The Angry Percy Bysshe Shelley: England 1819

My teenager asked me what I’m doing, overhearing me test-shouting the text of today’s piece Percy Bysshe Shelley’s “England 1819.”  Here’s a link to that text if you want to follow along. “Shelley, the perfect English Romantic Poet, might have been the most radical poet of his time. In matters of sex, religion, politics, aesthetics … Continue reading The Angry Percy Bysshe Shelley: England 1819

Anne Spencer’s “Dunbar” for National Poetry Month

In 1922, amazing Afro-American polymath James Weldon Johnson* published an audacious anthology titled The Book of American Negro Poetry.   Not only did it claim that there was a tradition worth an anthology at that early date; in his preface Johnson made the observation that Afro-American music was disproportionately important in American musical culture, and furthermore … Continue reading Anne Spencer’s “Dunbar” for National Poetry Month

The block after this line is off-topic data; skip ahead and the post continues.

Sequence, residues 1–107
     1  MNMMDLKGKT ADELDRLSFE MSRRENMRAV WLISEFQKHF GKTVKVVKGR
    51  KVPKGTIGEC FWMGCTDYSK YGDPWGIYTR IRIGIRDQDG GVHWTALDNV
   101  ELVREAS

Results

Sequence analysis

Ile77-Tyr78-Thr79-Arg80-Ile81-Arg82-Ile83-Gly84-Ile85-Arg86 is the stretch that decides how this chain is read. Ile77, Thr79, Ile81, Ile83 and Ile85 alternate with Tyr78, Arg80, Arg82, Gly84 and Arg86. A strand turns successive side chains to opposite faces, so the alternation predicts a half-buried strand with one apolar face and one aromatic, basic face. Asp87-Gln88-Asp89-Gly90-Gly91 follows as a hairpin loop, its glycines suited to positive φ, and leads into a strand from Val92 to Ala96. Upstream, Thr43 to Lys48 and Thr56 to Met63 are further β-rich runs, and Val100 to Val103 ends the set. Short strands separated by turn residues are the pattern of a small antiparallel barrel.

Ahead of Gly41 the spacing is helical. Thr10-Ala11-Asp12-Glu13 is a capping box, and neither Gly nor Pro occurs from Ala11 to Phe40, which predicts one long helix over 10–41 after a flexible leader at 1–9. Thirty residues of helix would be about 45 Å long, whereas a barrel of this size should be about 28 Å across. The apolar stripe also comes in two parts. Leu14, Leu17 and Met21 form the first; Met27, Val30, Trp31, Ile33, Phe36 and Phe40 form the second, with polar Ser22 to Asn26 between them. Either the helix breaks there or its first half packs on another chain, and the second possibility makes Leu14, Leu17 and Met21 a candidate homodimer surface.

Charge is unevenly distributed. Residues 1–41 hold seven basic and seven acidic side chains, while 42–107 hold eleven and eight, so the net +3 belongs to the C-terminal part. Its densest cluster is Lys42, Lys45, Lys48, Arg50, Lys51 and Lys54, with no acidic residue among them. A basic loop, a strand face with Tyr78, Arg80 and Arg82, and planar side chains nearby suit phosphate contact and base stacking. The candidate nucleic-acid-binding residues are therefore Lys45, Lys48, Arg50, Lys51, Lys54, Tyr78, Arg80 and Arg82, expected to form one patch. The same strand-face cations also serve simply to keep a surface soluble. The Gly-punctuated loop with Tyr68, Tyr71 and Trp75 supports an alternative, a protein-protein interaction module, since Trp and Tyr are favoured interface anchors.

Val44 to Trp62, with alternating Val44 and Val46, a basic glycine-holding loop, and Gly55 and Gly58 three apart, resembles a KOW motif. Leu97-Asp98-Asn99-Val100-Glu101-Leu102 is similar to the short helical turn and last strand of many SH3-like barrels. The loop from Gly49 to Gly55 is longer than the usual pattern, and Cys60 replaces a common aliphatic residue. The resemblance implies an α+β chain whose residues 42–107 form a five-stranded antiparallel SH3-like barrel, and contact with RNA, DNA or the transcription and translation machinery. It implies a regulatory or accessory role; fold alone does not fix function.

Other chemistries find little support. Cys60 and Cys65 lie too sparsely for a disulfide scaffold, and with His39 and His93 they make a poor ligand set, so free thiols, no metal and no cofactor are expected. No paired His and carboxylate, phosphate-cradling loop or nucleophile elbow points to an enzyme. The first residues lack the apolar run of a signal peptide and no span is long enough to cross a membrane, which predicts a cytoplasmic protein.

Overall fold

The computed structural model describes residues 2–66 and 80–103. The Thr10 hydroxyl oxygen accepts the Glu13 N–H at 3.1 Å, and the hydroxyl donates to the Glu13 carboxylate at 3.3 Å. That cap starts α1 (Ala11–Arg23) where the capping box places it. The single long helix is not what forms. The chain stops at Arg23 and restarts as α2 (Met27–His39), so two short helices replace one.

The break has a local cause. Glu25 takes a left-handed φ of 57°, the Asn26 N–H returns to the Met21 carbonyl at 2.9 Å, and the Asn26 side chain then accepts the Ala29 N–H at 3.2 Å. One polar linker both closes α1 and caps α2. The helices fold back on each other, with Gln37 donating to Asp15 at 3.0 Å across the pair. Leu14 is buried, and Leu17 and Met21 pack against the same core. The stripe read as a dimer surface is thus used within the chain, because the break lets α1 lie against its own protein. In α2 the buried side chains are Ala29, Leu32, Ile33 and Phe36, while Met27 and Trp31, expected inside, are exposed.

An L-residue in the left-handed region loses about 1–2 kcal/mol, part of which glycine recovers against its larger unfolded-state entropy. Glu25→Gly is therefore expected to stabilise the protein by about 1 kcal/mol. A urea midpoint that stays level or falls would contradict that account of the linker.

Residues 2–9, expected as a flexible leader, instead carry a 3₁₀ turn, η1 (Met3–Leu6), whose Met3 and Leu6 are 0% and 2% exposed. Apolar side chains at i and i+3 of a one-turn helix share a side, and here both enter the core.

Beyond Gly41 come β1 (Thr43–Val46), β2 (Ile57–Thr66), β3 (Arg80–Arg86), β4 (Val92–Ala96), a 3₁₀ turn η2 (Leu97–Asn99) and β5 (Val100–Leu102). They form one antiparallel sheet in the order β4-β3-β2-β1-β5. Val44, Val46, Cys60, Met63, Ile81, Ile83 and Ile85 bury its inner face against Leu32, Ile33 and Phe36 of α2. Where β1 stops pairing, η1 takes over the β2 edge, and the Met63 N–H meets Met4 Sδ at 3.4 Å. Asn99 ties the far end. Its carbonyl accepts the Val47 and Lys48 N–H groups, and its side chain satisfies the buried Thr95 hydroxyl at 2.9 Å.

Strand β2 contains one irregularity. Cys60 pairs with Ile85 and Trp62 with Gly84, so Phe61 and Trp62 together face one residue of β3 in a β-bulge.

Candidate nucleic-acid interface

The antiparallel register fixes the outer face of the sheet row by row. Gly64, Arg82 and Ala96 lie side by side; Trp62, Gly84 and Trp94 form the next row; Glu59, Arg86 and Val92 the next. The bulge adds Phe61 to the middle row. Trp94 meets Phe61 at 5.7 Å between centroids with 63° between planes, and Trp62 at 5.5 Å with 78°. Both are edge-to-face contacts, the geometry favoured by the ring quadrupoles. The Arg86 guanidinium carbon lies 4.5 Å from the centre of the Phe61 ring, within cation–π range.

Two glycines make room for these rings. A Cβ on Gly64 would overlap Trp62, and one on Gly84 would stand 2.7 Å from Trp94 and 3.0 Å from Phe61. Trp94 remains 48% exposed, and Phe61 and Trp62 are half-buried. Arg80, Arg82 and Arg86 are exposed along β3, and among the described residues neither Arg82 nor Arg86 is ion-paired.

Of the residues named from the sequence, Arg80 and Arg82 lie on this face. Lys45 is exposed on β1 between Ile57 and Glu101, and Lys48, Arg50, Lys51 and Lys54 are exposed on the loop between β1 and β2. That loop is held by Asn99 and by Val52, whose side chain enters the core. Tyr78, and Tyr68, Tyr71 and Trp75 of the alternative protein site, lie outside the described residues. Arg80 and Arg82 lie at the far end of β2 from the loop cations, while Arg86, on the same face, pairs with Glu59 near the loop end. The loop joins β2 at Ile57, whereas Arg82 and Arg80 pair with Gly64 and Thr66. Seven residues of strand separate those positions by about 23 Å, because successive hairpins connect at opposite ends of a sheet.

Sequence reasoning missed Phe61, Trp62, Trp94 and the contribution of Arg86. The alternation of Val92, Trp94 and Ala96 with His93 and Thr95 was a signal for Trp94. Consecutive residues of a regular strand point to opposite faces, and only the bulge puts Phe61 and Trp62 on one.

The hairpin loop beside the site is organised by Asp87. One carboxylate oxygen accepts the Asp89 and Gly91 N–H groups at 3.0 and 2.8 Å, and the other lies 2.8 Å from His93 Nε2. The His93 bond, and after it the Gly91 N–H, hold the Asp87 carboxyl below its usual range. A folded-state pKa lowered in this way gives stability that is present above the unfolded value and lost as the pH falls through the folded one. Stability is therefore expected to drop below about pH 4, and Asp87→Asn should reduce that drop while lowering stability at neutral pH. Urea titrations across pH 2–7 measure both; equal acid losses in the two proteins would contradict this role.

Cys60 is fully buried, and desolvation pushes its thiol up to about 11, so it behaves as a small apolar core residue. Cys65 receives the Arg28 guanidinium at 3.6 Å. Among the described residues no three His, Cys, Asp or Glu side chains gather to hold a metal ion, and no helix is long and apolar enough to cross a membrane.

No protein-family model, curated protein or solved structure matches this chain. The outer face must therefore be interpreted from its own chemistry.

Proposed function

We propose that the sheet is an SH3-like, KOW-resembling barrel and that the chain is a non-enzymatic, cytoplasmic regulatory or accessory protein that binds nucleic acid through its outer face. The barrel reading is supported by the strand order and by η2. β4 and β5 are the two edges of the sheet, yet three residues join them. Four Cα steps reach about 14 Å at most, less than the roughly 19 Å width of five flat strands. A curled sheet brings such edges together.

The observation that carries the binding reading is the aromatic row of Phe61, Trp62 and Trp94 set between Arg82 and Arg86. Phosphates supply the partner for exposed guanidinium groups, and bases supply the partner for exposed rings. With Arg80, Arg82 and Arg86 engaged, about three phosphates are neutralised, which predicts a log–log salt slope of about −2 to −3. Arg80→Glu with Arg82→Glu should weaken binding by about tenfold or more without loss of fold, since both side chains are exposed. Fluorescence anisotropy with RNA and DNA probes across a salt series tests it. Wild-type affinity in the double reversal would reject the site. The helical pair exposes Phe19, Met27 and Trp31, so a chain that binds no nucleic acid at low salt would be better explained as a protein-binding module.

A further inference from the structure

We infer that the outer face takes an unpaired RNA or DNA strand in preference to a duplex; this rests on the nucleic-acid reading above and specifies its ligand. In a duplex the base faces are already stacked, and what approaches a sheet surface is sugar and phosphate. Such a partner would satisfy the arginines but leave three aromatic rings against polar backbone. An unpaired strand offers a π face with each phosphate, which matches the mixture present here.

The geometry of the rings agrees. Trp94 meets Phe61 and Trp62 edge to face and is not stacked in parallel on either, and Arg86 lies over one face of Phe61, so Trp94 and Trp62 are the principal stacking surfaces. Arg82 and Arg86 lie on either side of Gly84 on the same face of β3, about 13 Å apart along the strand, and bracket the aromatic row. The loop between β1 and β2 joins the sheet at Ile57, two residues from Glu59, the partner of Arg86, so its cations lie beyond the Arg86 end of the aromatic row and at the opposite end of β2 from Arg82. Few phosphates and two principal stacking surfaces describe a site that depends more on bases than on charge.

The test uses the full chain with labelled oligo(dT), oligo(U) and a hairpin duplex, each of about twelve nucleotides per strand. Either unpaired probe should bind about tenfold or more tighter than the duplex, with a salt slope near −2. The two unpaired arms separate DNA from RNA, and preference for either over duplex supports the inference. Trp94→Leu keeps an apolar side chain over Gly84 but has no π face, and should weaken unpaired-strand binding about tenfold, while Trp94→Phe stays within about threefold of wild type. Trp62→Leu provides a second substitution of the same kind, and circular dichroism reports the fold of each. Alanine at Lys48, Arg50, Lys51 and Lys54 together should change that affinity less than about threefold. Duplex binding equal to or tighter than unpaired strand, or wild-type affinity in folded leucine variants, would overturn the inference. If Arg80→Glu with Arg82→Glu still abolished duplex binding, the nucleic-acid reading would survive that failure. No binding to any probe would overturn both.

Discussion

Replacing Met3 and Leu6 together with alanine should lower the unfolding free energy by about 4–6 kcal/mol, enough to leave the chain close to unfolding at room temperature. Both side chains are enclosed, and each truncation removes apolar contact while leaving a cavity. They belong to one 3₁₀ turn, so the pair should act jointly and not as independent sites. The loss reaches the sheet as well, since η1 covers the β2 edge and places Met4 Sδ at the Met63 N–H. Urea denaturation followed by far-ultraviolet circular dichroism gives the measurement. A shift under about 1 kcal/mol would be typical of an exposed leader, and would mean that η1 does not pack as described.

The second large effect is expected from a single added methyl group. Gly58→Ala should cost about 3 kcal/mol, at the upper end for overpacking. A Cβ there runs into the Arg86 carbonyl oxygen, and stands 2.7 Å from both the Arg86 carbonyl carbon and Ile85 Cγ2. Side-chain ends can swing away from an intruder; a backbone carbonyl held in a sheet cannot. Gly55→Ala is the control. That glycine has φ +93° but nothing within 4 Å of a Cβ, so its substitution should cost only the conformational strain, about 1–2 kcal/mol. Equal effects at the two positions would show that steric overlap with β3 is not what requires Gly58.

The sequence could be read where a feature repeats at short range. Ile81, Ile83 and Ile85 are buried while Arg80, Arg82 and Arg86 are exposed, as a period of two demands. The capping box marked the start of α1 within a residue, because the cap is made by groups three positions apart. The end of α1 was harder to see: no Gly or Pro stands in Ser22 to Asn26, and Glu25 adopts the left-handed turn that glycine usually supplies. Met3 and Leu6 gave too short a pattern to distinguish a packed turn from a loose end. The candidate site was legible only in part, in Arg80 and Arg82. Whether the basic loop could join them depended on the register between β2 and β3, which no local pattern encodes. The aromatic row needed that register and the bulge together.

Sonnet To Beauty — Two Women Who Wrote Poetry While Working with the Economically Desperate

I’m posting a bit late in the day, but it’s International Women’s Day, and so today’s audio piece uses as a text a poem by a very international woman, Lola Ridge. Ridge’s poetry is perhaps best known for a fierce commitment to social justice and the situation of the poor in early 20th century America; … Continue reading Sonnet To Beauty — Two Women Who Wrote Poetry While Working with the Economically Desperate